Craig Reynolds is an artist that lives and works out of Brooklyn, New York.
Are your “Compositions” sacred? Are they monuments?
When I first started making this work I think I may have been thinking more along those lines but I’ve tended to drift away from thinking like that in a straight forward way. When things appear holy or sacred in my photographs I’m usually doing it in a pretty intentionally ironic way. I like to subtly poke fun at things and I’ve found that creating these monumental or holy looking compositions tends to create a good stage to do that within.
How does time factor into the work? How volatile or permanent are the “Compositions”?
Time doesn’t really factor in at all in my mind. I guess the images tend to create a very specific moment frozen in time but I don’t really want to over think it. In terms of the physical object, I’m usually just trying to hustle to get it done with the resources available to me. Sometime I just leave the sets in the space where I make them and sometimes I take them down. I’m really interested in creating more physically permanent sets.
How would you respond to someone saying that your photographs are like childhood fever dreams?
That’s cool. It’s weird when you say that because I can remember so specifically the way that feels. I work very much from the gut. Very intuitively as cheesy as that sounds. When you work like that effectively things start to pop out of your subconscious kind of like what would happen during a fever state. As I’m writing this I’m starting to think about a childhood fever dream as nefarious forced mediation. I hope the work doesn’t look to evil.
The word Childhood is very important to me. I always want to look at making photographs in the same way that I looked at building forts in the woods when I was kid. It’s really important to keep a kind of refined childlike view on what your doing. Too many people take themselves too damn seriously and everything just starts to look boring, homogenized and over thought. This art stuff should be fun.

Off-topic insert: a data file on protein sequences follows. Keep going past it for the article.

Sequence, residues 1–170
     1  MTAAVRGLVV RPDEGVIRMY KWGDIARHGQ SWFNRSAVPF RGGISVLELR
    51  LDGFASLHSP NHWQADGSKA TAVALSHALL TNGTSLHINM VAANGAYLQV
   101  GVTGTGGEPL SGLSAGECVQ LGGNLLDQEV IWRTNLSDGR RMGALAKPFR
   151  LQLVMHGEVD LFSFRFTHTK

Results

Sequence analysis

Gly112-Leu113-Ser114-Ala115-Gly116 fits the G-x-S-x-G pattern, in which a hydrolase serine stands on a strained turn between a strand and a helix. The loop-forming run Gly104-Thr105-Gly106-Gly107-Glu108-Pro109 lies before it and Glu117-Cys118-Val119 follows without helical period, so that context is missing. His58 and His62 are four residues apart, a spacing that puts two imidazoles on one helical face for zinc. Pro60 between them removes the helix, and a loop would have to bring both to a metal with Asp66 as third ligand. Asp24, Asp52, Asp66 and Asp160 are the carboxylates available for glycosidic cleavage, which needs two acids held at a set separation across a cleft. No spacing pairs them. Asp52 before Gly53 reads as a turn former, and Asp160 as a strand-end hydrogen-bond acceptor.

Can you talk about pre-visualization?
An Idea can come from absolutely anywhere and I’ve gotten good at noticing them when they pop up. Something as simple as a piece of trash on the side of the road can grow into a really great idea if you give it the attention and food it needs to grow. It goes back to the childhood thing . It’s super important to accept everything as having the ability to be beautiful or inspiring. Once I have that first idea nugget I spend a good deal of time refining it. Some ideas are easier than others… they just make sense. But then theres some, like this shoot i just finished which have taken me 3 years to get right. I keep a sketchbook… I also do a lot of google image searching. I have a pretty massive data base of random images that I look at a lot to mix and match elements when I’m refining an idea. In the end I usually know exactly what I want when I go into a shoot. I of course give it a little room to flex around as I’m working on it… but for the most part I’m pretty good about knowing exactly what i want when it comes down to it.
The Compositions look like sets created for characters that are not present. Is this true? If so, can you talk about these characters and their presence?
I don’t really think about characters. In fact I think I tend to think around characters if that makes any sense. I guess I’m the character. A character would imply a narrative and I don’t want there to be a direct narrative. I might think about a narrative… or a few narratives while I’m working on the idea but it’s just a device I use to get things worked out in my head.
If you could describe your work in one word, what would it be?
Ask yourself a question and respond.
Do aliens exist and did they build the pyramids?
Yes, at least I hope so because that would be a hell of a lot more interesting than the alternative.